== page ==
Skip Navigation

Close and don't show again.

Your browser is out of date.

You may not get the full experience here on National Journal.

Please upgrade your browser to any of the following supported browsers:

SOPA Blackouts: Free Speech or 'Abuse of Power'? SOPA Blackouts: Free Speech or 'Abuse of Power'?

This ad will end in seconds
Close X

Not a member? Learn More »

Forget Your Password?

Don't have an account? Register »

Reveal Navigation


Technology / TECHNOLOGY

SOPA Blackouts: Free Speech or 'Abuse of Power'?

Protests highlight fine line for websites

photo of Josh Smith
January 18, 2012

The unprecedented wave of “blackouts” and other forms of protest that swept the web on Wednesday was designed to call attention to legislation that critics contend will stifle free speech. But the dramatic move sparked debate over whether the protest itself was appropriate for websites that are often themselves arbiters of free speech online.

Among the thousands of lesser-known websites that blocked access to their content or posted statements against the House’s Stop Online Piracy Act and its Senate counterpart, the Protect IP Act, were big names such as Wikipedia, Craigslist, and the online news aggregator Reddit.

But the names not on the list highlight a fine line for companies that depend on neutrality to maintain their credibility.


While they oppose the legislation, Yahoo, Facebook and Twitter, whose CEO called the blackouts “foolish,” decided to sit the protest out.

Google, which is so sensitive to its neutral reputation that it recently punished itself after inappropriately promoting its own web browser, was among those taking a middle road. The search giant remained up and operating but blacked-out its logo and linked to a petition against the bills.

Supporters of the legislation, such as the Motion Picture Association of America, disputed not only the premise of the Internet companies’ concerns, but the decision to visibly protest, and in some cases self-censor.

“It is an irresponsible response and a disservice to people who rely on them for information (or) use their services,” said former Sen. Chris Dodd, D-Conn., president of the MPAA. “It is also an abuse of power given the freedoms these companies enjoy in the marketplace today.”

The Wall Street Journal, whose owner, News Corporation, supports the bills, took a similar view, calling the protests a “cyber tantrum” by companies and organizations that feel “entitled” to content. The paper argued that the protests represent a double standard for websites that claim they are dedicated to free speech.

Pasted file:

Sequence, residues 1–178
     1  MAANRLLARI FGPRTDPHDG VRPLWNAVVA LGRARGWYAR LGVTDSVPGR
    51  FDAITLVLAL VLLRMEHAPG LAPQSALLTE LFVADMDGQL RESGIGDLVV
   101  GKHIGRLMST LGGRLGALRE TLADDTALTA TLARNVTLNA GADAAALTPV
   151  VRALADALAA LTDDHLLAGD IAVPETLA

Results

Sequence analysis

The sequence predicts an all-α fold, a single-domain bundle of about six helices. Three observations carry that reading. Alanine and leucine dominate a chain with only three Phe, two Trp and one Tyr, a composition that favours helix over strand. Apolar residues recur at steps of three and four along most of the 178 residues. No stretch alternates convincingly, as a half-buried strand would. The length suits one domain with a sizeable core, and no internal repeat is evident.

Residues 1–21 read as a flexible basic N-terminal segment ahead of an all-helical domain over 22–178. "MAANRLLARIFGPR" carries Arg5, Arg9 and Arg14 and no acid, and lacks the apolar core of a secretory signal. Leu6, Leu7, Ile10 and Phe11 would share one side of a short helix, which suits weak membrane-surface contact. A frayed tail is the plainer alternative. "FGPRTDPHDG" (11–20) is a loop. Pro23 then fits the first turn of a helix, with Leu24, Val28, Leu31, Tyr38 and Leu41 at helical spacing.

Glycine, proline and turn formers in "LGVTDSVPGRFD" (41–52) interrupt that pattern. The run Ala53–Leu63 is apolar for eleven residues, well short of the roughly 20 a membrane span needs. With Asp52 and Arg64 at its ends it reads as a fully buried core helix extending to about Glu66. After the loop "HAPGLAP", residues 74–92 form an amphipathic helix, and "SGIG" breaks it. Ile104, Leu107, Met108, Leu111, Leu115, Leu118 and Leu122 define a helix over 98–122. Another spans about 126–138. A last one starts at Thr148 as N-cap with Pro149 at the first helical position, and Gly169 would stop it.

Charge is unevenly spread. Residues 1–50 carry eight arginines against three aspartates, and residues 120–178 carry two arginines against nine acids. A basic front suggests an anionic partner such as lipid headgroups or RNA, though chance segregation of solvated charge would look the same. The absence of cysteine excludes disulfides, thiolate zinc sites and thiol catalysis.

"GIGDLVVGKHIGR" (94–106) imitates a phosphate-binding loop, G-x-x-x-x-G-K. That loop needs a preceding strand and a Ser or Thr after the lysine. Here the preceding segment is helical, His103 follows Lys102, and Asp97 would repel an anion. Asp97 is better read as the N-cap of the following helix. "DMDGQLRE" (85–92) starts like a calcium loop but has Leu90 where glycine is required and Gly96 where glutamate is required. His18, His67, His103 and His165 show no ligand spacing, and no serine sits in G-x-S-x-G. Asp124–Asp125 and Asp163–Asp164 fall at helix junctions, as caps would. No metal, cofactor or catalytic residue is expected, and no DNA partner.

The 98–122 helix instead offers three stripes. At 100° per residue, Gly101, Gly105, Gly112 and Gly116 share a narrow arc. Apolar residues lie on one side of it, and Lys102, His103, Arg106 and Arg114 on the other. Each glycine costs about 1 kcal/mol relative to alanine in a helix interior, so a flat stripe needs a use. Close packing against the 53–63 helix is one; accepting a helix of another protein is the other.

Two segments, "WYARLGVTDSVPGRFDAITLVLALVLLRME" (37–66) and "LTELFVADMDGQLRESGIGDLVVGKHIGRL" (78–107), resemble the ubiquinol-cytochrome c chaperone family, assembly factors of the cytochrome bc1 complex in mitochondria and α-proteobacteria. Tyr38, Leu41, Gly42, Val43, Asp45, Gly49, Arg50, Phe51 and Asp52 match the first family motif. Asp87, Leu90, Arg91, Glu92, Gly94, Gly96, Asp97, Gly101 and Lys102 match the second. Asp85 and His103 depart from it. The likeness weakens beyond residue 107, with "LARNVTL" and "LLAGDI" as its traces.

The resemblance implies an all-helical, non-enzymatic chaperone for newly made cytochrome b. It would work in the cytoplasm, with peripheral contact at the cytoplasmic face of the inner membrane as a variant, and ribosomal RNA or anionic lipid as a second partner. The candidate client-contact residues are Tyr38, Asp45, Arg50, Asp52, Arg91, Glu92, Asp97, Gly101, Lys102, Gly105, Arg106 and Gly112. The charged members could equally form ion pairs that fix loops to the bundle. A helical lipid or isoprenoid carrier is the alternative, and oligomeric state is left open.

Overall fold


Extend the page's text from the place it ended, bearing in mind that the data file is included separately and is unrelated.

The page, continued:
“How's that for irony: Companies supposedly devoted to the free flow of information are gagging themselves, and the only practical effect will be to enable fraudsters,” wrote the newspaper’s editorial board. “They've taken no comparable action against, say, Chinese repression.”

And criticism of the protest came from some not necessarily in support of the controversial bills.

Some volunteer editors for Wikipedia expressed concern that the site’s dramatic decision to block all access to its U.S. website could undermine its reputation for a “Neutral Point of View.”

"My main concern is that it puts the organization in the role of advocacy, and that's a slippery slope," Michigan-based editor Robert Lawton told the Associated Press.

But the companies that joined the protest insisted they were well within their rights to speak up on an issue that affects them so directly.

"The encyclopedia will always be neutral. The community need not be, not when the encyclopedia is threatened," Wikipedia founder Jimmy Wales said on Twitter.

None of the organizations, companies, and websites that took part in Wednesday’s protests damaged their credibility, said Matt Wood, policy director for the advocacy group Free Press, which blacked-out its website.

“Being an arbiter of information shouldn’t handcuff an organization,” he said.

And Rep. Darrell Issa, R-Calif., who has proposed a competing anti-piracy bill, praised the protesting sites for participating in democracy.

“I know suspending and changing access to sites was not necessarily an easy decision, but this a responsible and transparent exercise of freedom of speech,” he said in a statement.

More Technology
Job Board
Search Jobs
Digital and Content Manager, E4C
American Society of Civil Engineers | New York, NY
American Society of Civil Engineers | CA
Neighborhood Traffic Safety Services Intern
American Society of Civil Engineers | Bellevue, WA
United Technologies Research Fellow
American Society of Civil Engineers | New York, NY
Process Engineering Co-op
American Society of Civil Engineers | Conshohocken, PA
Electrical Engineer Co-op
American Society of Civil Engineers | Findlay, OH
Application Engineer/Developer INTERN - Complex Fluids
American Society of Civil Engineers | Brisbane, CA
Application Engineer - Internships CAE/CFD Metro Detroit
American Society of Civil Engineers | Livonia, MI
Chief Geoscientist
American Society of Civil Engineers
Application Engineer - Internships CAE/CFD Metro Boston
American Society of Civil Engineers | Burlington, MA
Professional Development Program Engineer
American Society of Civil Engineers | Farmington Hills, MI
Civil Enginering Intern - Water/Wastewater/Site-Development
American Society of Civil Engineers | Sacramento, CA
Staff Accountant
American Society of Civil Engineers | Englewood, CO
Biomedical Service Internship Position
American Society of Civil Engineers | Flint, MI
comments powered by Disqus